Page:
Food imports of African nations to hit $110b by 2025
Projected yearly food imports by African countries due to adverse effects of global warming are to increase by about a factor of three, from $35 billion to $110 billion by 2025, a new report from the World Meteorological Organisation (WMO) has shown.
It observed that the continent is responsible for only a fraction of global greenhouse gas emissions, yet suffers disproportionately from the problem.
The development, the report noted, is harming food security, ecosystems and economies, fuelling displacement and migration, as well as worsening the threat of conflicts on dwindling resources.
The State of the Climate in Africa 2022 report showed that temperature on the continent had increased in recent decades, with weather-and climate-related hazards becoming more severe. And yet, financing for climate adaptation is only a drop in the ocean of what is needed.
More than 110 million people in Africa were directly affected by weather, climate and water-related hazards in 2022, causing more than $8.5 billion in economic damage.
There were also reported 5,000 fatalities, of which 48 per cent were associated with drought, and 43 per cent with flooding, according to the Emergency Event Database. But the true toll is likely to be much higher because of under-reporting.
The document, produced jointly with the African Union Commission and Africa Climate Policy Centre of United Nations Economic Commission for Africa (UNECA), was released yesterday, during the Africa Climate Summit, which also saw the launch of the Early Warnings for All in Africa Action Plan.
Kenya, which is hosting the summit, also unveiled its State of the Climate in 2022 report.
Loss and damage cost on the continent due to climate change are forecast to range between $290 billion and $440 billion, depending on the degree of warming, according to the UNECA’s African Climate Policy Centre.
Climate change and the diminishing natural resource base could fuel conflicts for scarce productive land, water, and pastures, where farmer-herder violence has increased over the past decade due to growing land pressure, with geographic concentrations in many Sub-Saharan countries, according to the report.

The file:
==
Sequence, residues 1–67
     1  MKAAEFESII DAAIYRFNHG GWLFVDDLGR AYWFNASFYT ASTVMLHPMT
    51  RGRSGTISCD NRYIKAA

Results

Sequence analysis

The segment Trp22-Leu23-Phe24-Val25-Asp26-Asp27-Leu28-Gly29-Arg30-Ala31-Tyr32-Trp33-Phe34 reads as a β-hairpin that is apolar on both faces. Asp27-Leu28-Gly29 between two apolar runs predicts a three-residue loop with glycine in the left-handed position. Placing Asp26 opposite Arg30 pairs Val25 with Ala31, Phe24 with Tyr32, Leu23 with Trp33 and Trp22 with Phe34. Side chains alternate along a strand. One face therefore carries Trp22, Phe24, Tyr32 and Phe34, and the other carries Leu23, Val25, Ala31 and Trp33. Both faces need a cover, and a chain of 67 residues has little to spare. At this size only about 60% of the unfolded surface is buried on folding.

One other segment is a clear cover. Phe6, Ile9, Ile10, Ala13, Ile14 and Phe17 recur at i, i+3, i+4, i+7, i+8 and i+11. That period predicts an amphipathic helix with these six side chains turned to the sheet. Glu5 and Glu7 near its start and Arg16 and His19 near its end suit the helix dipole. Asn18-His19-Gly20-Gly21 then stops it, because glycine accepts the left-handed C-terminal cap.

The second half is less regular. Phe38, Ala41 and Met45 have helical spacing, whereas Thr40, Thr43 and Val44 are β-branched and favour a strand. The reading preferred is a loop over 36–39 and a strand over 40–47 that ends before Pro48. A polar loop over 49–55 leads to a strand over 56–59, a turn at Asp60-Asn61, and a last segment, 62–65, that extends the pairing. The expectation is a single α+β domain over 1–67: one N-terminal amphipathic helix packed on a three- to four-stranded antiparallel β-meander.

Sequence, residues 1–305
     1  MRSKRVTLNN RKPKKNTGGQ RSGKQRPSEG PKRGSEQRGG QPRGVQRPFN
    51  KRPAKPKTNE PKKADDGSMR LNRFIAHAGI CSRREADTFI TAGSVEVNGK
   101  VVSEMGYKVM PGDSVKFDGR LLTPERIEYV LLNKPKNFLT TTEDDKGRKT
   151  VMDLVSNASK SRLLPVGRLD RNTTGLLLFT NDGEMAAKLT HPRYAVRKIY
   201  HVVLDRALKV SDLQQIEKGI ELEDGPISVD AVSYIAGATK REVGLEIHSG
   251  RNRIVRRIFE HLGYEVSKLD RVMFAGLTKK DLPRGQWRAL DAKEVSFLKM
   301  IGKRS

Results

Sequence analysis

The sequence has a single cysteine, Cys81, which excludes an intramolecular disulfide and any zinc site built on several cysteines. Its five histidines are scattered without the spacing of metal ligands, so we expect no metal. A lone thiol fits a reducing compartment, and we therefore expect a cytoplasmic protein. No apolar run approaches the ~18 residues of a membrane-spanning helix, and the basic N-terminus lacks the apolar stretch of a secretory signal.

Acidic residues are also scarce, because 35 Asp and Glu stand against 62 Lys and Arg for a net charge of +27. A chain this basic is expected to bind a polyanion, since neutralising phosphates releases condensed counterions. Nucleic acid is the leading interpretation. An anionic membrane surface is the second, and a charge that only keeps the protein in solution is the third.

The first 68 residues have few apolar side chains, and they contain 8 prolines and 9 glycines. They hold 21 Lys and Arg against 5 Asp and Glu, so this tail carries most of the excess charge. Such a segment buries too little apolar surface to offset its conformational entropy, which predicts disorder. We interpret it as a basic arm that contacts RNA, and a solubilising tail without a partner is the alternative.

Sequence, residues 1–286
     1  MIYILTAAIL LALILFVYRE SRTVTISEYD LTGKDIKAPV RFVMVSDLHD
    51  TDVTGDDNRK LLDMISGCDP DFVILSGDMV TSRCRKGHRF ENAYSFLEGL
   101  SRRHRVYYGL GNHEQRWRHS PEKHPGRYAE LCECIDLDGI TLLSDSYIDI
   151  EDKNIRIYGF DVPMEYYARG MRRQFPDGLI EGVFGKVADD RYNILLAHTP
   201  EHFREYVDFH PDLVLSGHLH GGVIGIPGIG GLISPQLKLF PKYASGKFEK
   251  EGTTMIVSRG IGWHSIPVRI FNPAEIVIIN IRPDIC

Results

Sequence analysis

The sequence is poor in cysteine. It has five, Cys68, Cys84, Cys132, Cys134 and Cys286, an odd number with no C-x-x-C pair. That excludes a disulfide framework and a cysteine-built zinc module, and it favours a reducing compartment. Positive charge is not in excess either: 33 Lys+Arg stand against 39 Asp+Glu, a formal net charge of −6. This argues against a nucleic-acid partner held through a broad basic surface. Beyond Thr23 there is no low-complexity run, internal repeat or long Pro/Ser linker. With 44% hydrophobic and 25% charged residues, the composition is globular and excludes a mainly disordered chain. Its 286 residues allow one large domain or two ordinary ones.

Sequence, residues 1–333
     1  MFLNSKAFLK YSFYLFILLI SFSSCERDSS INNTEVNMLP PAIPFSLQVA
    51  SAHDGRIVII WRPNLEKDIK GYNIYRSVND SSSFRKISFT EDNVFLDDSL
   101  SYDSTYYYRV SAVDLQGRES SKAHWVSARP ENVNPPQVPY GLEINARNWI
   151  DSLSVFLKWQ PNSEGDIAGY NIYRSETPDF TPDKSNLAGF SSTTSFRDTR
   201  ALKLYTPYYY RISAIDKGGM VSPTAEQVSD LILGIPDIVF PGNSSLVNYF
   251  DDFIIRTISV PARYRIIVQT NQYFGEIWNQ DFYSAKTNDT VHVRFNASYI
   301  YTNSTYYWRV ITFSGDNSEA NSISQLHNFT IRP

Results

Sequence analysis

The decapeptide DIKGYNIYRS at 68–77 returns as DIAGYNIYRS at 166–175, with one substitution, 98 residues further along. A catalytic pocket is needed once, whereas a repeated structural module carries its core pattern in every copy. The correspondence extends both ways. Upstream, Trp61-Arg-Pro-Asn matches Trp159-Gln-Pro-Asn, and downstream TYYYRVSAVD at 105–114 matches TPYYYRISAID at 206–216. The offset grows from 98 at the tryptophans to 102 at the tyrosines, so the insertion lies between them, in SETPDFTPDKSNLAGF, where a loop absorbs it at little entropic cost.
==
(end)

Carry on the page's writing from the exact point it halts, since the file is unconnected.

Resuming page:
The document, with an accompanying story map, is the result of a multi-agency effort. It includes input from the African Union Commission, UNECA and contributions from African National Meteorological and Hydrological Services, WMO Regional Climate Centres, specialised United Nations agencies, African Development Bank, Consultative Group on International Agricultural Research and numerous experts and scientists.
The average rate of warming in Africa was +0.3 °C/decade during the 1991 to 2022 period, compared to +0.2 °C/decade between 1961 and 1990. This is slightly above the global average. The warming has been most rapid in North Africa, which was gripped by extreme heat, thus fuelling wildfires in Algeria and Tunisia in 2022.
Many parts of the Sahel experienced significant flooding during the monsoon season, with Nigeria, Niger, Chad and the southern half of Sudan particularly affected, while the rate of coastal sea-level rise in Africa is similar to the global mean value of 3.4 mm/year. It is, however, slightly higher than the global mean along the Red Sea (3.7 mm/year) and along the western Indian Ocean (3.6 mm/year).
Per capita emissions of carbon dioxide on the continent in 2021 were 1.04 metric tons per person, compared with the global average of 4.69 metric tons. More than 50 African nations have submitted their Nationally Determined Contributions (NDCs). Agriculture and food security, water, disaster risk reduction and health are the top priorities for adaptation.
Implementing Africa’s NDCs would require up to $2.8 trillion between 2020 and 2030. AfDB has doubled its climate finance to $25 billion by 2025, and devoted 67 per cent of its climate finance to adaptation, in addition to its effort to raise up to $13 billion for its Africa Development Fund.
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